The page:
We all know trees change throughout the year, but did you know lawns are also meant to change with the seasons?
Yep, as spring, summer, fall, and winter go ‘round, lawns need a slight change in height to stay their healthiest.
Below, read through the best height to mow your lawn based on the time of year and the type of grass you have.
The ideal height to mow the lawn each season (spring, summer, fall)
Adjusting your lawn’s height by, say, an inch or so may not sound like much. But it actually makes a real difference for the health of your lawn.
How grass type affects mowing height
Before getting into ideal mowing heights, let’s take a quick detour to talk about types of grass. Different grass types have different needs, so you’ll want to make sure you’re catering to your unique type when you mow.
Cool season grasses, including types like Kentucky bluegrass, tall fescue, perennial ryegrass or creeping bentgrass, are found in colder climates. So if you live in the Northeast, Midwest or Pacific Northwest region of the U.S., your grass falls into this category.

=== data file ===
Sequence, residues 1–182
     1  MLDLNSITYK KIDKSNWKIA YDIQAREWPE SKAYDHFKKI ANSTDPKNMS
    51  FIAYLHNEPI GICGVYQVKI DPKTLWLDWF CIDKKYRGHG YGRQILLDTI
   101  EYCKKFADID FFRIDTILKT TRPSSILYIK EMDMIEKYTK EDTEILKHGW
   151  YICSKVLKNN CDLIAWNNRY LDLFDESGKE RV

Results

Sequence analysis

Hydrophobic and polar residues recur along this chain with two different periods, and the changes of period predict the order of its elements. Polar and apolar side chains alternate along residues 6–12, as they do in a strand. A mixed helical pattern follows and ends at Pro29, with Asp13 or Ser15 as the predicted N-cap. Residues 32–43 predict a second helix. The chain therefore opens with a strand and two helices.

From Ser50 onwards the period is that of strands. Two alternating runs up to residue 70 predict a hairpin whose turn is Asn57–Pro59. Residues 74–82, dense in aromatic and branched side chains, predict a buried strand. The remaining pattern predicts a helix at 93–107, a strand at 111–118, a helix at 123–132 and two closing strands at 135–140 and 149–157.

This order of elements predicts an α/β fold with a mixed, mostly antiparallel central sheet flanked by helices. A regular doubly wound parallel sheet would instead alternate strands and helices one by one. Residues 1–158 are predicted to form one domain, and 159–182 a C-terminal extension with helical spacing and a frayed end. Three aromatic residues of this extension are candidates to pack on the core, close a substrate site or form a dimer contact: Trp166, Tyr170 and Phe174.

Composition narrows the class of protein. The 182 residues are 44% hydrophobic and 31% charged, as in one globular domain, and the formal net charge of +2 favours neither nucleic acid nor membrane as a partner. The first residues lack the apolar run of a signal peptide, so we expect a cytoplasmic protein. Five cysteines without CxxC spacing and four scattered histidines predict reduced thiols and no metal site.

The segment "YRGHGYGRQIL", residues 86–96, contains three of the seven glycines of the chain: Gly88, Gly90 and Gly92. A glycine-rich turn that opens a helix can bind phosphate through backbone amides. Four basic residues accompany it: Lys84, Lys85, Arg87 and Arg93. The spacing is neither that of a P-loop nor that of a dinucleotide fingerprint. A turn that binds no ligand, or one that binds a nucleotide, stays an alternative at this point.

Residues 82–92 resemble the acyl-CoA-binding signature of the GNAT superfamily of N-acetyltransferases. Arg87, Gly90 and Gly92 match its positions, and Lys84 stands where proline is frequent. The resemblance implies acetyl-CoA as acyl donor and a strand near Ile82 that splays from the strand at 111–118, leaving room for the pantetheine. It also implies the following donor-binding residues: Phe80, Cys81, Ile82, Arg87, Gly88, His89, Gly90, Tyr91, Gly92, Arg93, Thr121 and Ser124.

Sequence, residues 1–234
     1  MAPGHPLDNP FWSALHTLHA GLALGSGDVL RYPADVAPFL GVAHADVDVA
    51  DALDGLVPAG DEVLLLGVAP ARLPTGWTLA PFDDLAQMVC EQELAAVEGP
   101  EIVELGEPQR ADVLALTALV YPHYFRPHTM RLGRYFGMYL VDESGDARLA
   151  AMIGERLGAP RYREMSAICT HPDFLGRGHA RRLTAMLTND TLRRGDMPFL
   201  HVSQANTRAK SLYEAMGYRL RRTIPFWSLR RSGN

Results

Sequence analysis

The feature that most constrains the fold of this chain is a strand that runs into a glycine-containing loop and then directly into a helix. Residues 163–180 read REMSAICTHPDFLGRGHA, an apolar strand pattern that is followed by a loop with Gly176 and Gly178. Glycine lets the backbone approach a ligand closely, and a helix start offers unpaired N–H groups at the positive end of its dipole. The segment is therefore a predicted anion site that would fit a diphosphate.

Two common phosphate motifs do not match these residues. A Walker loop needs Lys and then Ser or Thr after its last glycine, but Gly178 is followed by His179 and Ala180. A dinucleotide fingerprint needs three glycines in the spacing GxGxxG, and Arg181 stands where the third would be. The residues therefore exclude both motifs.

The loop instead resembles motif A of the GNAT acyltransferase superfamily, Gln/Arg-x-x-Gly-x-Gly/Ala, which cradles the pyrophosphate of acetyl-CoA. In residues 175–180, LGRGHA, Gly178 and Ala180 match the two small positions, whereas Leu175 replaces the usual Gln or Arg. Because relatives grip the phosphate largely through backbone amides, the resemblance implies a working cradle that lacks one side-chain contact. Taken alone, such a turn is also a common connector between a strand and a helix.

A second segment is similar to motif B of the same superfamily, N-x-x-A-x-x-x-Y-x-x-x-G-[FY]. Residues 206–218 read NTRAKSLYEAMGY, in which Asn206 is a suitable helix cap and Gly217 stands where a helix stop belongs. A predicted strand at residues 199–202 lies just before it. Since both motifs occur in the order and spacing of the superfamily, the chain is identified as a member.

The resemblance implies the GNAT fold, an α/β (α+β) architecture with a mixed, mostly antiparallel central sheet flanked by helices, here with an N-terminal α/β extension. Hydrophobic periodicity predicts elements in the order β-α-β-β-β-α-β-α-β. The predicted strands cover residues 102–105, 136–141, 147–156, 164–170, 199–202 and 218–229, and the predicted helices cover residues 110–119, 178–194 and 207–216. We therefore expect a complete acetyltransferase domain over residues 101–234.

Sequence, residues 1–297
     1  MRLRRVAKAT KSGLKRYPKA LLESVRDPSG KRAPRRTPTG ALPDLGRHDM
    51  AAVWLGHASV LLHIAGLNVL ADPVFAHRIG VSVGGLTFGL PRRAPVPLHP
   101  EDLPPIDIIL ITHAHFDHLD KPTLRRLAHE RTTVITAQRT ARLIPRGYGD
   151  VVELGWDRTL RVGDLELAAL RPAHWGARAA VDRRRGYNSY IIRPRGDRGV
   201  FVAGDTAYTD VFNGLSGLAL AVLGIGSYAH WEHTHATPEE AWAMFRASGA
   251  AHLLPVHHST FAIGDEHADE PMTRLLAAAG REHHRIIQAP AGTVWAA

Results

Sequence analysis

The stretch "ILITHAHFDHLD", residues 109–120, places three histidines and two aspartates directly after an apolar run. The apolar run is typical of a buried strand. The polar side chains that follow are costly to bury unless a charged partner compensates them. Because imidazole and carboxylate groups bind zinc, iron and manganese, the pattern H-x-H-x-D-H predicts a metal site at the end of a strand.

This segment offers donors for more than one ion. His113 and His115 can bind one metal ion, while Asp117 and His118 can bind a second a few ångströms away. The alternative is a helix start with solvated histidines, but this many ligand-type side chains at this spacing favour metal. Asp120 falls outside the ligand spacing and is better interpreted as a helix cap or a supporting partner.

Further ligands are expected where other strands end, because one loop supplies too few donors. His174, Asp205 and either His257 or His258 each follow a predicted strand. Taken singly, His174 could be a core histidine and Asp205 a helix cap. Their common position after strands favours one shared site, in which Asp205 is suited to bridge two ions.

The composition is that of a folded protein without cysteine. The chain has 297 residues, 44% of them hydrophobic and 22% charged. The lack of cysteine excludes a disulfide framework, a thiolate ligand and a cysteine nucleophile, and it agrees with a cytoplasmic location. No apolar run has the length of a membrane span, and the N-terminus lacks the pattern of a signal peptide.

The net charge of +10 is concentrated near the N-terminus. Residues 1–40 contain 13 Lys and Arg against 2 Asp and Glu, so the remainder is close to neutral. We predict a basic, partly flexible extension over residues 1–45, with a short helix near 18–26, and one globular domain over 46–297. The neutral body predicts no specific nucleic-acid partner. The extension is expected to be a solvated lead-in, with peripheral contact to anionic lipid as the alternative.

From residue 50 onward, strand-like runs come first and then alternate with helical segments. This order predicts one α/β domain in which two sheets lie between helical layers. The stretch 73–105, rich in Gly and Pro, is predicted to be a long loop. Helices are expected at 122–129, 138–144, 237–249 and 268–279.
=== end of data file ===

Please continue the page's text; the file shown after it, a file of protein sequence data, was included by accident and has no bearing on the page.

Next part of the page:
In the warmer Southern and Southwestern areas of the U.S., warm season grasses are the norm. Some common types are bermudagrass, centipedegrass and zoysiagrass.
How short to cut grass in spring
A shorter spring cut rids your lawn of any winter-burned strands and preps it for a fresh growing season. Mow cool season grasses to a height of 3+ inches, and cut warm season grasses as low as half an inch and up to 1.5 inches.
What height should grass be cut in the summer?
Just like the temperature, lawn height goes up in summer. With taller strands of grass to cover it, the lawn’s soil is shaded, which helps prevent pesky weeds like crabgrass and protects the lawn’s roots from the harsh heat.
Mow your cool season grass to 3 or 3.5 inches in summer, or up to 4 inches for tall fescue and perennial ryegrass. Warm season grasses should round out at about 2 to 2.5 inches.
The best height to cut grass in the fall
Inching into fall, mid-length grass is the preference. In winter, tall grass can get matted and become diseased. But when cut too short, lawn roots can be exposed to damagingly cold temperatures. Focus on striking the right balance in fall so your lawn’s ready for winter.
Shorten your cool season grass to about 2.5 inches before the first frost in winter. Mow warm-season grasses to 1.5 or 2 inches in fall.